2021-11-08T14:09:31-08:00December 30th, 2011|Musings on life|


You imagine it will dismantle you
to shed the rage

as though it is the supporting beam,
the fuel,
the thing that pushes back
against the sorrow.

But it is not an ally,
it is a sack of rocks
you wear as a coat,
making you grey
and small.

You don’t have to do it publicly
at first.

Test it on a tree,
write it down,
say it out loud
under water.

But don’t let your hands drag the memories
into another year
like a corpse
you won’t bury.

Unfurl those fingers,
You will see that the pain will not drown you.
With your hands empty,
you will float.

2011-10-13T22:56:27-07:00October 13th, 2011|Relationships|

Forgive me

I looked at you
and remembered
your dimples
etched into your face
forgive me
I have grown comfortable
over the years
but today
your gorgeous face
made me blush.

2022-03-08T09:40:32-08:00February 24th, 2022|Musings on life|


I didn’t want to write this poem.

I wanted to write the poem
about the angry man
who almost
went too far.

I wanted to write the poem
about the moment
just before he tipped
his troops
across the invisible line
that separates
one people
from another.

I wanted to write about the part
where he hears a baby cry
and the truest part of him,
without thinking,
reaches out
to soothe her.

In that moment,
he realizes how powerful
he already is.

The entire world is watching him
and he says to us,

We can be this for each other.
We can soothe, not strike.
We can share, not shout.
We can forgive, not fight.
We are all brothers and sisters.
We can do this simple thing.
We can be kind.

But the baby is still crying.

She is tucked under a mother’s coat,
shivering in a subway station,
a bunker packed with strangers
breathing the same fear
as sirens wail above them,
like a city’s own awful cries.

I didn’t want to write this poem.

But I won’t look away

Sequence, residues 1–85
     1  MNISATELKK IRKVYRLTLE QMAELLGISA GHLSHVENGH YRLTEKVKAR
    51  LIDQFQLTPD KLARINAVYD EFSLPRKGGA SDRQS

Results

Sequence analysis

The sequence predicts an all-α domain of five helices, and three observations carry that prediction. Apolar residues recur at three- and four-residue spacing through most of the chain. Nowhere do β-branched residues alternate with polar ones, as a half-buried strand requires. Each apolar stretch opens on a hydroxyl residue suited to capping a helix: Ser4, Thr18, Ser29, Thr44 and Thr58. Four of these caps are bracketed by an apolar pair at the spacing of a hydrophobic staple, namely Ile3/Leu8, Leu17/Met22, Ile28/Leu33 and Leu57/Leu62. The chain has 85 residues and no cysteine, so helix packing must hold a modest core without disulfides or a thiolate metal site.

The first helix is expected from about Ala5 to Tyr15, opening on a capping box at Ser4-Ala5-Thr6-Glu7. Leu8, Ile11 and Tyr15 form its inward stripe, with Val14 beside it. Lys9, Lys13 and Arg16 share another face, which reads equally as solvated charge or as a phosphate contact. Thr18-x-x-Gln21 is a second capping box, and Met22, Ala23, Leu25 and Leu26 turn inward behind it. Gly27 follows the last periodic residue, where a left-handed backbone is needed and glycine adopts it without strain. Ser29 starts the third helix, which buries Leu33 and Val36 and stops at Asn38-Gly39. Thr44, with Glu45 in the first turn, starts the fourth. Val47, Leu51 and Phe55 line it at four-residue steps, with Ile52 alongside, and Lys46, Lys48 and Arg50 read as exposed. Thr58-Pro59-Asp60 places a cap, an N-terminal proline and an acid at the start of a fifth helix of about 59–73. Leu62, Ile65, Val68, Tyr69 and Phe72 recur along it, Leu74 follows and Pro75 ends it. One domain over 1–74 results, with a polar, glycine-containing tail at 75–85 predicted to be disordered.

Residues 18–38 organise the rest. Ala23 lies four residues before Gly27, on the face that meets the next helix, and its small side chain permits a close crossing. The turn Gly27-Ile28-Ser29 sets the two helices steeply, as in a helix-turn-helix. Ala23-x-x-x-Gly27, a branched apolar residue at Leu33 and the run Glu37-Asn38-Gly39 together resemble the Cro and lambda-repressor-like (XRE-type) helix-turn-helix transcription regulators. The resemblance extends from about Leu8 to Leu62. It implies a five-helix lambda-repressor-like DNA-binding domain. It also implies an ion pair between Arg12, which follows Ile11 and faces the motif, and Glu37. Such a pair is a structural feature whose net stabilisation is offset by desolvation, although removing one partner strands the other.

as history leaves
another scar.

I will write for all of them,
even the angry man,
poems of hope,
and when they soften,
I will finally write a poem
of peace.

2021-10-14T12:46:35-07:00April 5th, 2021|Musings on life|

A foolproof guide to gratitude

Walk around today
as though you will die tomorrow
and you will see beauty
stitched into every face
and leaf and dirty dish.

Walk around today
as though you will die tomorrow
and you will forgive

Walk around today
as though you will die tomorrow
and you will grow numb to everything
except gratitude
for what you have
right now.

You can try to stay closed
but I will be doing it too
and when I see you

you will see how I see you

and you will feel so cherished
in that moment
you will have no choice
but to melt.

2020-10-10T01:24:12-07:00October 11th, 2020|Parenthood|

Another compartment in my heart

My son and his friends
are playing tag in the playground
when my son comes over
and tells me I should write
a poem about a bully
who came upon a tree
burning in the forest
and the bully
walked into the fire,
and the heat
burned away
all of his bad feelings.

I asked my son,
Does the bully turn good?

He looked surprised,
No, he dies, mama.
But he puts out the fire
and now he is the tree,
at peace.

I try to decide
if this is the most beautiful thing
I have ever heard,
or if I should tell my husband
about it later
in that whispery voice I use
when I am so worried about something
I don’t even want